Close-up of an ostrich eggshell bead from Kenya. Photo by James K. Munene.

Congratulations to UMMAA doctoral candidate James K. Munene, who has been awarded funding for his research on the manufacture of ostrich eggshell beads among the El Molo community in Kenya. The project will document the production, use, and cultural significance of these beads in the El Molo community, where they have been used for centuries, if not longer. Researchers will conduct interviews, take photographs, and create video and audio recordings, in the hope of preserving the material knowledge of the craft and hopefully reinvigorating the role of ostrich eggshell beadwork in the community.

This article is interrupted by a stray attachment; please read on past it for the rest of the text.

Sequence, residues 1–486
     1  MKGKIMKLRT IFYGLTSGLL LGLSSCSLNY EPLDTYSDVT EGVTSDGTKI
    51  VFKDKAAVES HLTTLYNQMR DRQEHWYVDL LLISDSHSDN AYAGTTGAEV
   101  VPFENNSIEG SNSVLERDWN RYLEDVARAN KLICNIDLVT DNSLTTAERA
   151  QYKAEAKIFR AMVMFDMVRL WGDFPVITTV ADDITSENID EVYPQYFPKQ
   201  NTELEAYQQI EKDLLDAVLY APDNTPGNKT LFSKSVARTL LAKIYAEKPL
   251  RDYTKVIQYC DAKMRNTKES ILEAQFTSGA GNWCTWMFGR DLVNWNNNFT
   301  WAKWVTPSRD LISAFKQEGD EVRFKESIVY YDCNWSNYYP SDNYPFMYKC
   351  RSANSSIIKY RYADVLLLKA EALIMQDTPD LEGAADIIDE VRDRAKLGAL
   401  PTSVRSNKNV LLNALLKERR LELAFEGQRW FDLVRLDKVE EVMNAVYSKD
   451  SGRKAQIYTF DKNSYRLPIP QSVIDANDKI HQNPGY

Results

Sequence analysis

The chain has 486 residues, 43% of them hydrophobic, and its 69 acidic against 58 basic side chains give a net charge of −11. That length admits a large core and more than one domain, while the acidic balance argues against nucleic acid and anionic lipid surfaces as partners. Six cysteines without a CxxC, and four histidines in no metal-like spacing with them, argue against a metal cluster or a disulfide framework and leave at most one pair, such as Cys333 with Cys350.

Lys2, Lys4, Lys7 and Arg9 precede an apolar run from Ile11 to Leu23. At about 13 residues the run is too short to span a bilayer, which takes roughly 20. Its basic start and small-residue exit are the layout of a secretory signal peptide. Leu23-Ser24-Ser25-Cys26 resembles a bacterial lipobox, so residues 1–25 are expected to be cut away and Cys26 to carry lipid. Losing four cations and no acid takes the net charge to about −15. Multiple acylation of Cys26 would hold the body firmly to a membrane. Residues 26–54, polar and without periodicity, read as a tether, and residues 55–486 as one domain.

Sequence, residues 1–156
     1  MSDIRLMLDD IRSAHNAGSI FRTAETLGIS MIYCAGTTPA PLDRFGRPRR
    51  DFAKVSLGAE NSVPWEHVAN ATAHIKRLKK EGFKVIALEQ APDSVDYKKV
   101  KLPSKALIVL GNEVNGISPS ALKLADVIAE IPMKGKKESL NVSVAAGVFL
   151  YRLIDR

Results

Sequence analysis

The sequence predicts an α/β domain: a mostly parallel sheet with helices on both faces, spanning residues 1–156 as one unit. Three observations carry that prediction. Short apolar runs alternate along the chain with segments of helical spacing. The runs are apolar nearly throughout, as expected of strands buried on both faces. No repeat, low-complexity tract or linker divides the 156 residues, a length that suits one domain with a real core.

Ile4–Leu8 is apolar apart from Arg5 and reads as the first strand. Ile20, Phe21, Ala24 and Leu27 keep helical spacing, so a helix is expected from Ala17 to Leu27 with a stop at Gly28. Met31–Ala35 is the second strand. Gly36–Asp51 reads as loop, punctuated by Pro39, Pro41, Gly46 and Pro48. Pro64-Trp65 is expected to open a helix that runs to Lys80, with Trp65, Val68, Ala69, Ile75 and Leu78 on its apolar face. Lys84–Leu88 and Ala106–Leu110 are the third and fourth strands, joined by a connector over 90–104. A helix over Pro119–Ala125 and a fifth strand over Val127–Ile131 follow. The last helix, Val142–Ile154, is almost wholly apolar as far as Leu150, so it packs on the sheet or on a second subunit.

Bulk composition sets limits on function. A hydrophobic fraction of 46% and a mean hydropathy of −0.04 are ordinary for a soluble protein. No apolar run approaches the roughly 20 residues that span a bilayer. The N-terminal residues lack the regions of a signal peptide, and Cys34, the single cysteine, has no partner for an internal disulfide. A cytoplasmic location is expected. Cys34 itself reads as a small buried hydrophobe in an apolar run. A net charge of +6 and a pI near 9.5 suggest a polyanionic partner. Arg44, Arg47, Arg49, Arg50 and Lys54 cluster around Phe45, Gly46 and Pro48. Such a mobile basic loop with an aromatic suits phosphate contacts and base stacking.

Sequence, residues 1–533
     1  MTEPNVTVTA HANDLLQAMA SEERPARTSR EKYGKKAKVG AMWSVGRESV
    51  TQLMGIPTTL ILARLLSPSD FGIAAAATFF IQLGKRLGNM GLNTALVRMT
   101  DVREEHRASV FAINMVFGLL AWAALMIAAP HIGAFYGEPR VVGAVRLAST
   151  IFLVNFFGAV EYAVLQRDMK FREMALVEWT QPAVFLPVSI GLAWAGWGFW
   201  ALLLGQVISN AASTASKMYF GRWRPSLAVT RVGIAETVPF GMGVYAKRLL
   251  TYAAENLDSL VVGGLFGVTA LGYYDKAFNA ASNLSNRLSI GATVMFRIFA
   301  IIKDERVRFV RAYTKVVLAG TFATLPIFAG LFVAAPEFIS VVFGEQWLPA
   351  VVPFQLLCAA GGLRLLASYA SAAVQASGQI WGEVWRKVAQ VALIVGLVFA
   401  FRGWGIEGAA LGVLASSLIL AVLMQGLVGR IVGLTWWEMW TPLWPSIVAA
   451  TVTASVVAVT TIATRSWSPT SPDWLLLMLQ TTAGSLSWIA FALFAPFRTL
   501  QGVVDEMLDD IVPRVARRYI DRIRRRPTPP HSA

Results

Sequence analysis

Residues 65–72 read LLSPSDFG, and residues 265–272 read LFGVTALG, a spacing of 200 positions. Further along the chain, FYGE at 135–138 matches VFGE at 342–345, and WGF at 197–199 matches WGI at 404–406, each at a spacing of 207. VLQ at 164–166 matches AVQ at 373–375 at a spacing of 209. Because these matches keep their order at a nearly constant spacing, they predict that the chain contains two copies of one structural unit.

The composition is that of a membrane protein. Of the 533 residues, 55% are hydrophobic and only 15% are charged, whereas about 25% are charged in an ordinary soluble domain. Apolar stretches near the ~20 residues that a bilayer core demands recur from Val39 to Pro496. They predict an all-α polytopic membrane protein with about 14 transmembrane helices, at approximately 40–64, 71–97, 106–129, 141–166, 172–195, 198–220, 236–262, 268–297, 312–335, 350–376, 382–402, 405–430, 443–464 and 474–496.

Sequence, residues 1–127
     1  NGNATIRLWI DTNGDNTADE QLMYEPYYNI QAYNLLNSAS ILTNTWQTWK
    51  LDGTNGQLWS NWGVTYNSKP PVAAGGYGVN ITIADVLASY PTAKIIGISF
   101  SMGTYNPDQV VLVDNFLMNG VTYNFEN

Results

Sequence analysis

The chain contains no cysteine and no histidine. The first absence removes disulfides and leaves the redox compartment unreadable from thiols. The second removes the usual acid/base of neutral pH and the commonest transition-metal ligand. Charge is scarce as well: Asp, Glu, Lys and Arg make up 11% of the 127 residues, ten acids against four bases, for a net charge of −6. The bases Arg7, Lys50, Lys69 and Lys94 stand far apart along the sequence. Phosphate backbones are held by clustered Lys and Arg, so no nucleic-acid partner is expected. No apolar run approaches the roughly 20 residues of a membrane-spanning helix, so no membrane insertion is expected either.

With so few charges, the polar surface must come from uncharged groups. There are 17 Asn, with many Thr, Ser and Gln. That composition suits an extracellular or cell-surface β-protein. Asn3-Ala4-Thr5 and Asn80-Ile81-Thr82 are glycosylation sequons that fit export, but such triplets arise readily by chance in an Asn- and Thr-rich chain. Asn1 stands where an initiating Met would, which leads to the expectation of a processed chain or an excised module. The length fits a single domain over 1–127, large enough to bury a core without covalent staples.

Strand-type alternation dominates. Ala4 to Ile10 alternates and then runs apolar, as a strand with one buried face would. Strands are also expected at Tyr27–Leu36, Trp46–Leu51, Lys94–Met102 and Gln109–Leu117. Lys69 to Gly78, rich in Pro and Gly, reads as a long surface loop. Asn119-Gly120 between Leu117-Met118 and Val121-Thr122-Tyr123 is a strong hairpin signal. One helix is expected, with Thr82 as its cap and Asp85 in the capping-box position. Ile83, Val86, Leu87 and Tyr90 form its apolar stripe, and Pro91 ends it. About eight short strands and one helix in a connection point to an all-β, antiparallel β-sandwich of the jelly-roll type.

The project will be supported by the Endangered Material Knowledge Programme (EMKP), a major grant-giving program of the British Museum that funds research that documents critically threatened material practices around the globe.

James will collaborate with Mr. Abdikadir Kurewa, the chief cultural officer of the Intangible Heritage Division of the State Department of Culture and Heritage in Kenya, and Mr. Michael Basili, a village elder in the El Molo community, chairman of the Gurapau Community Based Organization (which has helped revive the endangered language of the El Molo), and former schoolmaster and education officer of the Loiyangalani Division.